7. Summary
    8. Key Terms
    9. References
    10. Review Questions
    11. Further Reading
  7. 6 Metaphysics
    1. Introduction
    2. 6.1 Substance
    3. 6.2 Self and Identity
    4. 6.3 Cosmology and the Existence of God
    5. 6.4 Free Will
    6. Summary
    7. Key Terms
    8. References
    9. Review Questions
    10. Further Reading
  8. 7 Epistemology
    1. Introduction
    2. 7.1 What Epistemology Studies
    3. 7.2 Knowledge
    4. 7.3 Justification
    5. 7.4 Skepticism
    6. 7.5 Applied Epistemology
    7. Summary
    8. Key Terms
    9. References
    10. Review Questions
    11. Further Reading
  9. 8 Value Theory
    1. Introduction
    2. 8.1 The Fact-Value Distinction
    3. 8.2 Basic Questions about Values
    4. 8.3 Metaethics
    5. 8.4 Well-Being
    6. 8.5 Aesthetics
    7. Summary
    8. Key Terms
    9. References
    10. Review Questions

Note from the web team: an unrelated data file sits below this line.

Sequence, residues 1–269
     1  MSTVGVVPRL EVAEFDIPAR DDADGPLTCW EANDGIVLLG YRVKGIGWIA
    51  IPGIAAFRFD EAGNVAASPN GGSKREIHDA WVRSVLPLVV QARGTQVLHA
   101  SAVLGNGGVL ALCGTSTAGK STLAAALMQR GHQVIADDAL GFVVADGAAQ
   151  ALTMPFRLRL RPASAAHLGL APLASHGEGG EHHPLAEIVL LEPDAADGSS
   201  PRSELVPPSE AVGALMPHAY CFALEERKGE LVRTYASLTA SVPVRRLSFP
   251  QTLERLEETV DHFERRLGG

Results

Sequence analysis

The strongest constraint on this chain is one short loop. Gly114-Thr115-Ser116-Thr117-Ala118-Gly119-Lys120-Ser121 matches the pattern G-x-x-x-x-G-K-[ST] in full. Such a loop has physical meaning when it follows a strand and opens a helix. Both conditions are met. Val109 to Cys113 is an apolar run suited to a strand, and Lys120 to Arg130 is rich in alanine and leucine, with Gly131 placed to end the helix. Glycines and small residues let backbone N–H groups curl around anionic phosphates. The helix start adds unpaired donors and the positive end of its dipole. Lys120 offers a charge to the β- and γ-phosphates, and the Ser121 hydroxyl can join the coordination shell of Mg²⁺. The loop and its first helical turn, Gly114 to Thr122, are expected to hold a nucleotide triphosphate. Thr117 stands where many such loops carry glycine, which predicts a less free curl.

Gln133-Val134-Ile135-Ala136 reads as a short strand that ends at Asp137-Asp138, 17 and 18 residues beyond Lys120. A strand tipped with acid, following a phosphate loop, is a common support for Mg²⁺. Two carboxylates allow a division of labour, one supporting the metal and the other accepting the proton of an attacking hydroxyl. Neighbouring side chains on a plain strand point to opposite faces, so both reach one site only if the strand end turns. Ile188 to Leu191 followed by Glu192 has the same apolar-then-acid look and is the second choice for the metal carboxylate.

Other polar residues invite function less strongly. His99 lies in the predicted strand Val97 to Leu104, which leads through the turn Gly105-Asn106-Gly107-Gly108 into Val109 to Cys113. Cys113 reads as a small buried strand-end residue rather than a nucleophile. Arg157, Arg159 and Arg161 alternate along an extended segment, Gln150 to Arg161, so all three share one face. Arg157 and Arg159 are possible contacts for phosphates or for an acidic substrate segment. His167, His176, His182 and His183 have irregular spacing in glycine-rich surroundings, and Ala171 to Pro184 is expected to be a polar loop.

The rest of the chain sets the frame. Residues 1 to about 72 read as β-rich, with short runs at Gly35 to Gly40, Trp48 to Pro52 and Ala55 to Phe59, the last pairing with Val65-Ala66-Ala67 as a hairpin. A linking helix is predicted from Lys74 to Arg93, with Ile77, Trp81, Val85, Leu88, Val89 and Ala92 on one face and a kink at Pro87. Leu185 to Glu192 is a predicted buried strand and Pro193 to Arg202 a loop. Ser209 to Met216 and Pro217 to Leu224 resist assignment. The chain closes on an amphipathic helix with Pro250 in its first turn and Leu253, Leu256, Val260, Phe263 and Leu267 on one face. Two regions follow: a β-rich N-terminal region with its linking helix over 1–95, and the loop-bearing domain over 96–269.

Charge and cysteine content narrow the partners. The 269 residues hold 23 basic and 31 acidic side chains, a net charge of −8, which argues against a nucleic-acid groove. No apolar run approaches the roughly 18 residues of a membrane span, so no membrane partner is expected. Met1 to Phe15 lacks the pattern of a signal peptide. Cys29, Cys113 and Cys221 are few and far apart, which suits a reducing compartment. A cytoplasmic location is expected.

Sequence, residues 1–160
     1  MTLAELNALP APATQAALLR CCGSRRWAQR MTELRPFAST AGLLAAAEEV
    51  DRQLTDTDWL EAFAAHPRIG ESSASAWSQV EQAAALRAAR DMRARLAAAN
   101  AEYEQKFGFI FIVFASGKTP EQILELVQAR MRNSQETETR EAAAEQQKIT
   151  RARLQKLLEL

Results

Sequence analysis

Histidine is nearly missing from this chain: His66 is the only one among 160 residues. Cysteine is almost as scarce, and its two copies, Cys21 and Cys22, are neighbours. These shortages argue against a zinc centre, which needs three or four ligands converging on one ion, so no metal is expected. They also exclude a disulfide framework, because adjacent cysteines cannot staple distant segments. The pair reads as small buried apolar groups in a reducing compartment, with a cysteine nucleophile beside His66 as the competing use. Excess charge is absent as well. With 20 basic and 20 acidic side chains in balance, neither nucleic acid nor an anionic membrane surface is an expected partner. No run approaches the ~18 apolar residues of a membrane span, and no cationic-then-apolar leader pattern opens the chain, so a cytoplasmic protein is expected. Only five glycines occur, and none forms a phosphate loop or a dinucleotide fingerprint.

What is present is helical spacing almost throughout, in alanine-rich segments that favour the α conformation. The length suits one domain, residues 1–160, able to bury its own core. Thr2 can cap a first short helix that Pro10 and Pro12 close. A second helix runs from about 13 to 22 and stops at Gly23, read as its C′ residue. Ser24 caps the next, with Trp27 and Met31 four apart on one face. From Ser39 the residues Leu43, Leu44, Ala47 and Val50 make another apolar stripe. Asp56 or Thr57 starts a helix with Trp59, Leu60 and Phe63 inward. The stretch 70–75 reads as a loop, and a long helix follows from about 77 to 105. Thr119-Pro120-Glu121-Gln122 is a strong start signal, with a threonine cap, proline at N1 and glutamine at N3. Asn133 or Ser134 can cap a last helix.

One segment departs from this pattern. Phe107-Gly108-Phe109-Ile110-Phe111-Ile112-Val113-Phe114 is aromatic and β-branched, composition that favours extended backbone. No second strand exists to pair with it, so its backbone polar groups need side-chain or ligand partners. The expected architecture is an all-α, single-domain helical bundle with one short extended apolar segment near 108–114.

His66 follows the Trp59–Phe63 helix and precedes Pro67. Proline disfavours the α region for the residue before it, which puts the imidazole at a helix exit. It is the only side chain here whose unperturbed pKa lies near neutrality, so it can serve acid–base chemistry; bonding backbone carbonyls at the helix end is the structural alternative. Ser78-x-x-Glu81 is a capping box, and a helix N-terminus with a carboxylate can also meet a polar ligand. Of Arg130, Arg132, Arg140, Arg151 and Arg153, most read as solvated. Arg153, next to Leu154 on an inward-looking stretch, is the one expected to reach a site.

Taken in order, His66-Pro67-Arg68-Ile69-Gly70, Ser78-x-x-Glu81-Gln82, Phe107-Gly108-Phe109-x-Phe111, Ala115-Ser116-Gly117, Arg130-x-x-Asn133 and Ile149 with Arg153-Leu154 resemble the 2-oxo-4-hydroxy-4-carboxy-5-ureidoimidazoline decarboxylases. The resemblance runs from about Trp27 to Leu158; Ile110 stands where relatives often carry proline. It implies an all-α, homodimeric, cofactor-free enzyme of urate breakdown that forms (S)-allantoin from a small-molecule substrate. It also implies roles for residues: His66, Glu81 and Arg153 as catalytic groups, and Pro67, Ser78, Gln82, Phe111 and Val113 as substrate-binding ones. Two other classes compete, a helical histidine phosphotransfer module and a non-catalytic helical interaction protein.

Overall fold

11. Further Reading
  10. 9 Normative Moral Theory
    1. Introduction
    2. 9.1 Requirements of a Normative Moral Theory
    3. 9.2 Consequentialism
    4. 9.3 Deontology
    5. 9.4 Virtue Ethics
    6. 9.5 Daoism
    7. 9.6 Feminist Theories of Ethics
    8. Summary
    9. Key Terms
    10. References
    11. Review Questions
    12. Further Reading
  11. 10 Applied Ethics
    1. Introduction
    2. 10.1 The Challenge of Bioethics
    3. 10.2 Environmental Ethics
    4. 10.3 Business Ethics and Emerging Technology
    5. Summary
    6. Key Terms
    7. References
    8. Review Questions
    9. Further Reading
  12. 11 Political Philosophy
    1. Introduction
    2. 11.1 Historical Perspectives on Government
    3. 11.2 Forms of Government
    4. 11.3 Political Legitimacy and Duty